Can you hear me now?
Some people just need an audience of one to begin speaking. These individuals don't bother to read non-verbal communication cues, facial expressions, body language, and eye contact. They will accept the obligatory nod and smile as acknowledgment without recognizing the listener is uninterested in the conversation.
Do you believe yourself to be a good listener?
Are you an active listener?
Listening is crucial to effective communication. The message has to be clear and concise for the listener to engage. The communication must not lead to resistance in the receiver of the message. Therefore, the sender must be mindful of the communication to include the words, the sequence, and the pacing before it reaches the recipient. This way, the sender of the message has the recipient's attention.
Let us be frank, sometimes, it is just plain challenging to listen to some people speak, especially in situations where you believe the speaker to be monotone and lack enthusiasm for their own topic. You attempt to listen to the speaker actively, but your eyes are open, and your brain is sleeping. You just don't have the patience to attend to the speaker, so you try to find an escape route. Still, sometimes this is difficult to do when your path is blocked because the conversation is one-on-one, you are in a meeting, and the extended restroom break would be noticeable and just not possible.
It worsens if you consider the person whining or repeatedly telling the same story because they haven't found closure. Even more annoying is the person that speaks over you or monopolizes the conversation. You share an experience, and they have a similar experience or know someone who struggled with the same issue.
The above narrative may seem extreme. You may very well find yourself in some of the situations described above. Still, it is essential to listen to the language of the communicator to uncover the story being told. There are some strategies to help you engage in communication that assist you with fleshing out the details of the message. Active listening is an interactive process to facilitate comprehension and collaboration.
Listen to the speaker without premature judgment.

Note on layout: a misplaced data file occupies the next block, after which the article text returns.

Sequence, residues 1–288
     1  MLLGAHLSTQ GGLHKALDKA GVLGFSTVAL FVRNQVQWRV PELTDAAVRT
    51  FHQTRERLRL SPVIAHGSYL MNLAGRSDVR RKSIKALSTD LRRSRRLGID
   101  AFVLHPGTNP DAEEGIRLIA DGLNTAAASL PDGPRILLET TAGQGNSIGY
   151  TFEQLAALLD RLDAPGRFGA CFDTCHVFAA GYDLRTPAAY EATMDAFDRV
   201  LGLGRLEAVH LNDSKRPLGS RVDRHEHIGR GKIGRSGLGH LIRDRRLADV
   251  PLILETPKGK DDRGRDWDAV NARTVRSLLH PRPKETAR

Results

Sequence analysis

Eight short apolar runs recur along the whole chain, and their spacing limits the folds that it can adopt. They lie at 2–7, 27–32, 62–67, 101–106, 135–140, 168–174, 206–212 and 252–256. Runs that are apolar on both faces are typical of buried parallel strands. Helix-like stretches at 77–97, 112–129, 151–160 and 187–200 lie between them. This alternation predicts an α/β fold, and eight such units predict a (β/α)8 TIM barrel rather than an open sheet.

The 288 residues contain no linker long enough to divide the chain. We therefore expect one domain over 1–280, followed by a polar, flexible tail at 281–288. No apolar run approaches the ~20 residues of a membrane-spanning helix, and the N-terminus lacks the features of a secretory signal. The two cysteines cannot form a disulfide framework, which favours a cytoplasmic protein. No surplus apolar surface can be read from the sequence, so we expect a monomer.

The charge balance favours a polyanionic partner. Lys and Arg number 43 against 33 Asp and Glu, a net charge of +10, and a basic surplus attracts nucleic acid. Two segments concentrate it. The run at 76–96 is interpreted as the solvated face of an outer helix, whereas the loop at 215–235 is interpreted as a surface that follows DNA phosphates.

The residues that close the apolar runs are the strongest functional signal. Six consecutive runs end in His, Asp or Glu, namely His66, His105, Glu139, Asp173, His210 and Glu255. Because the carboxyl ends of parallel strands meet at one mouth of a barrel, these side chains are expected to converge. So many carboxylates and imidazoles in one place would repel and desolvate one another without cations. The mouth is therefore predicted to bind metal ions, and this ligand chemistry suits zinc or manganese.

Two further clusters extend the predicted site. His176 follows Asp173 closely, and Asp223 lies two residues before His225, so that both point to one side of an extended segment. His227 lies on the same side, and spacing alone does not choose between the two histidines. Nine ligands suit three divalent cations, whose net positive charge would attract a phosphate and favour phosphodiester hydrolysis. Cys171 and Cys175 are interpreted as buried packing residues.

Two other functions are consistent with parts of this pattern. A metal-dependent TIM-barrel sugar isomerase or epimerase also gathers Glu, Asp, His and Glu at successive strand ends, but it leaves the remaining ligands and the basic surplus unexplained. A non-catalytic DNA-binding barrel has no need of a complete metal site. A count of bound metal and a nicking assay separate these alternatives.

Listen to understand the speaker's intent.
Be present and alert to the messenger.
Pay attention to the details.
Listen without interrupting the speaker.
Put away items that may disrupt you from giving the speaker your undivided attention.
When you respond to the speaker, you asked open-ended questions.
Use reflections to summarize the speaker's points of emphasis.
Listen with an open mind.
Avoid interrupting the speaker because you have a burning question.
Paraphrase the speaker's words to demonstrate understanding without parroting the speaker.
Sometimes, it doesn't take long for us to lose interest in a presentation, which is understandable. However, the presenter may have an excellent command of the topic but is experiencing performance anxiety at the moment. The pressure from taking center stage and being the focus of attention can be overwhelming.
Hence, the need to listen with an open mind and, where possible, ask for clarification about what was said. This may provide the speaker the opportunity to clear up any ambiguous statements. The fact that someone from the audience engages may be enough to calm the speaker.
Stay Naturally Curious
Likaj, M. (2015). Teaching listening as a communicative skill in military English. Journal of Education and Practice, 6(24), 64-70.
Topornycky, J. & Golparian, S. (2016). Balancing openness and interpretation in active listening. Collected Essays on Learning and Teaching, 9, 175-184.